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Nashville and Chattanooga Railroad


Nashville and Chattanooga Railroad

Nashville, Chattanooga and St. Louis Railway
Reporting mark NC
Locale Kentucky, Tennessee, Alabama, Georgia
Dates of operation 1851–1957
Predecessor Nashville and Chattanooga Railroad
Successor Louisville and Nashville Railroad
Track gauge (standard gauge)
Length 1900: 1,189 miles (1,914 km)
Headquarters Nashville, Tennessee

The Nashville, Chattanooga and St. Louis Railway (reporting mark NC) was a railway company operating in the southern United States in Kentucky, Tennessee, Alabama and Georgia. It began as the Nashville and Chattanooga Railroad, chartered in Nashville in December 11, 1845, and was the first railway to operate in the state of Tennessee.[1] From this link between two Tennessee cities, it gradually grew until it formed one of the important railway systems of the South by the turn of the twentieth century.[2](iii, Dedication)


The Nashville & Chattanooga Railway, predecessor to the NC&StL Railway, was organized in 1848 by a group of prominent Nashville Tennessee businessmen. By virtue of his connections to wealth from the Grundy and Bass families of Nashville, and of his vigorous promotion of a line between Nashville and Chattanooga, Vernon K. Stevenson was elected president of the line and served in that capacity for sixteen years. The first locomotive in Nashville arrived in December 1850 on the steamboat Beauty along with thirteen freight cars and one passenger car. The train made its first trip the following spring, 11 miles (18 km) to Antioch, Tennessee. It took nine years to complete the 150 miles (240 km) of line between Nashville and Chattanooga,[1] made difficult by the steep elevations of the Highland Rim and Cumberland Plateau between them. A 2,228 feet (679 m) tunnel near Cowan, Tennessee was considered an engineering marvel of the time.[1] Due to terrain difficulties, the rail line crossed into Alabama and Georgia for short distances. Towns sprang up during construction, including Tullahoma and Estill Springs.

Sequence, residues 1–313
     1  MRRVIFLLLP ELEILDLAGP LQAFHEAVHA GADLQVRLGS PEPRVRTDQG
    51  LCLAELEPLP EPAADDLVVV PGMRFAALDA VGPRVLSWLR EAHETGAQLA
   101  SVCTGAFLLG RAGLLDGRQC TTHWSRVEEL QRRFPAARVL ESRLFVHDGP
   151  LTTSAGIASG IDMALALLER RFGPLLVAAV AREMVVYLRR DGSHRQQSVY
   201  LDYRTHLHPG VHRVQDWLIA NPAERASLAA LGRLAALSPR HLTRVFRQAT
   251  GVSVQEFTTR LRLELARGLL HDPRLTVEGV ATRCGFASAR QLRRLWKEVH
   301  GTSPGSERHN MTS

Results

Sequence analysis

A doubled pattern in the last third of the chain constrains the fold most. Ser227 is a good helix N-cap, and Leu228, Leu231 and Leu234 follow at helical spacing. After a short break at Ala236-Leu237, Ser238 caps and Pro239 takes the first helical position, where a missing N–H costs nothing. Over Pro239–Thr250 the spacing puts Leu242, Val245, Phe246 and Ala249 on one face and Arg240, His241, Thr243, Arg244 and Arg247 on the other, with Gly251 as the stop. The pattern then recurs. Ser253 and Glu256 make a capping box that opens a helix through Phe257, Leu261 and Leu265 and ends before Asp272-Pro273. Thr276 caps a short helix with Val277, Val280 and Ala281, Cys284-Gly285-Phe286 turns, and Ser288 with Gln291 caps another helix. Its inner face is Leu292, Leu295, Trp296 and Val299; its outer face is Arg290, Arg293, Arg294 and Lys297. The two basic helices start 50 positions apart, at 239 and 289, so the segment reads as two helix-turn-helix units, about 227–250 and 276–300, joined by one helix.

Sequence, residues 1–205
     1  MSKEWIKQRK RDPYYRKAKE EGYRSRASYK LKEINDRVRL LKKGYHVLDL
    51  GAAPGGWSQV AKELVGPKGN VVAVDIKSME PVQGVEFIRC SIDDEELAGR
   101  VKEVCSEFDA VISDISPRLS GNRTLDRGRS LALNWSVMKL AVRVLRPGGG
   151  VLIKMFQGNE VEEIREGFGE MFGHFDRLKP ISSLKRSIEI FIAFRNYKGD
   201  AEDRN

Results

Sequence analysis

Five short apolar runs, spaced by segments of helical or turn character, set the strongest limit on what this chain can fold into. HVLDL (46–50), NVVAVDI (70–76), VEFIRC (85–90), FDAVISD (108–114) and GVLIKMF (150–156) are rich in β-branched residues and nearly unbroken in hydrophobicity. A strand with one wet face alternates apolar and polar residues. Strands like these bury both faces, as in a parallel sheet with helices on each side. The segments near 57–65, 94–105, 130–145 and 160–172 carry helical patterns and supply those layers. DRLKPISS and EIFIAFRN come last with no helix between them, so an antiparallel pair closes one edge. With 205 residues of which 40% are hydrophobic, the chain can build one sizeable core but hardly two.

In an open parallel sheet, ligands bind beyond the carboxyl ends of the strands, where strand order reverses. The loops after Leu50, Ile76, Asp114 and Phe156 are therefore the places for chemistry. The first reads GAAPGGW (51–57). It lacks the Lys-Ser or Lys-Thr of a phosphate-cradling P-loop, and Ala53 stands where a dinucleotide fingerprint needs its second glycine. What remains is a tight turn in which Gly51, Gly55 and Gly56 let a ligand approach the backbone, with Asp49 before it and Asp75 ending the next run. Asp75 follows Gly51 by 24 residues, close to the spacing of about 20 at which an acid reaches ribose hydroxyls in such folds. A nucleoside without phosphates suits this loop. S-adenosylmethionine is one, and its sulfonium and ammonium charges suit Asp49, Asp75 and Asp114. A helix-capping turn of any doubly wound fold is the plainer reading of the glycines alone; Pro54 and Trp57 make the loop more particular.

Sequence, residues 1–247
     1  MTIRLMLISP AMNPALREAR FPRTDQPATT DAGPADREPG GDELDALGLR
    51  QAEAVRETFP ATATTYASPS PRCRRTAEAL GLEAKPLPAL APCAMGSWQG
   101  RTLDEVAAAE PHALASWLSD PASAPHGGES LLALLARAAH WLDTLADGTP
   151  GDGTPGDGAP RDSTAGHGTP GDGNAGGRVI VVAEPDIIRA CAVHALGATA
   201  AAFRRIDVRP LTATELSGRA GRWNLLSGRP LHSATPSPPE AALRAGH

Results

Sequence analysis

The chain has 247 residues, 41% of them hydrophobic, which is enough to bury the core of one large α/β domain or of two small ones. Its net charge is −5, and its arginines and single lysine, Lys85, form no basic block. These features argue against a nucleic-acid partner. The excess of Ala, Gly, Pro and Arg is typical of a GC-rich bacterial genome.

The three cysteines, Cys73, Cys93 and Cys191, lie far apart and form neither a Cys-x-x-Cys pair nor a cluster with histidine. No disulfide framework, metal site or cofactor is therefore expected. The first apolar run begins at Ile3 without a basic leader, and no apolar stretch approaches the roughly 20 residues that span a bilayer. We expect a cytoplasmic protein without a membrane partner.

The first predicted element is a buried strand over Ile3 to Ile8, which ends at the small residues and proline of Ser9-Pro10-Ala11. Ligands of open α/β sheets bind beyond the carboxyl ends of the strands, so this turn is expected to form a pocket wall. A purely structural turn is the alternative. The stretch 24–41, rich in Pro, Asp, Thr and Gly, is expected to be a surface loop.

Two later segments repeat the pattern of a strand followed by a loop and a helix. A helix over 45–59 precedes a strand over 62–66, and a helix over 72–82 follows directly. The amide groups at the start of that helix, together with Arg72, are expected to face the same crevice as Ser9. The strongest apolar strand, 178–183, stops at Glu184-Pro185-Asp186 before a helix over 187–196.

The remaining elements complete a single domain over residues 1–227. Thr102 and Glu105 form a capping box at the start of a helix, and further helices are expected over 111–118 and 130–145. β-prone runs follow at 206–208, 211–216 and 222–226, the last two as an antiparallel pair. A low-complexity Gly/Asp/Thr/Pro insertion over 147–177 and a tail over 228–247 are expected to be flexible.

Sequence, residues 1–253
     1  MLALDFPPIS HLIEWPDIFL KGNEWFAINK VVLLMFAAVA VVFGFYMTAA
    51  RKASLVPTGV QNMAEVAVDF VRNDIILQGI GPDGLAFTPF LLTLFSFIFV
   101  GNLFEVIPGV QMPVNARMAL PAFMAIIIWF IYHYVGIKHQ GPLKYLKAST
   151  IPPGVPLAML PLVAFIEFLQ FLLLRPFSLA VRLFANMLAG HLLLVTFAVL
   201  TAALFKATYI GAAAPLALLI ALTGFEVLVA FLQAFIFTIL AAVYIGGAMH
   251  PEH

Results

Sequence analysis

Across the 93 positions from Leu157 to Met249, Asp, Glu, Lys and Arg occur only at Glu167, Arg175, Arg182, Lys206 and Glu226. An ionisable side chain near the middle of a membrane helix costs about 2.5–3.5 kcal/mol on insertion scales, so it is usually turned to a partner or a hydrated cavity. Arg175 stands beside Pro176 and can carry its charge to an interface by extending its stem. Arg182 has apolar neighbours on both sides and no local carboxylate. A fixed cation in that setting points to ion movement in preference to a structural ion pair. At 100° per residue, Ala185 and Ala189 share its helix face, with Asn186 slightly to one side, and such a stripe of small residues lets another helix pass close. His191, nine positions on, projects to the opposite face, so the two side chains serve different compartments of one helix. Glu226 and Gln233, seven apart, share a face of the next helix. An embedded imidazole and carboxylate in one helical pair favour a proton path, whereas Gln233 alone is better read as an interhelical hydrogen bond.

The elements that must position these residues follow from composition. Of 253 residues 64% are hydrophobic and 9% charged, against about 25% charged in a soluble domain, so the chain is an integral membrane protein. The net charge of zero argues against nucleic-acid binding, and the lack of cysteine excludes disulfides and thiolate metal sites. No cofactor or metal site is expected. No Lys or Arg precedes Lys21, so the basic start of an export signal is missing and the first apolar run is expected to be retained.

During the Civil War the rail line was strategic to both the Union and Confederate armies. The Tennessee campaigns of 1862 and 1863 saw Union troops force the Confederates from Nashville to Chattanooga along the line of the railroad. The tracks and bridges were repeatedly damaged and repaired, and at different times carried supplies for both armies. In 1885, the railroad successfully defended itself before the Supreme Court in Nashville, C. & St. L. R. Co. v. United States from repaying postage payments for mail in 1861 that was not delivered due to the war.

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After the war the company purchased the Nashville and Northwestern Railroad and the Hickman and Obion Railroad to Hickman, Kentucky to reach the Mississippi River. In 1873 it was reincorporated as the Nashville, Chattanooga and St. Louis Railway (NC&StL) (though the company's tracks never actually reached St. Louis, Missouri in the north). In early 1877 the NC&StL bought the bankrupt Tennessee and Pacific Railroad from the state government and operated it as a connection to Lebanon, Tennessee.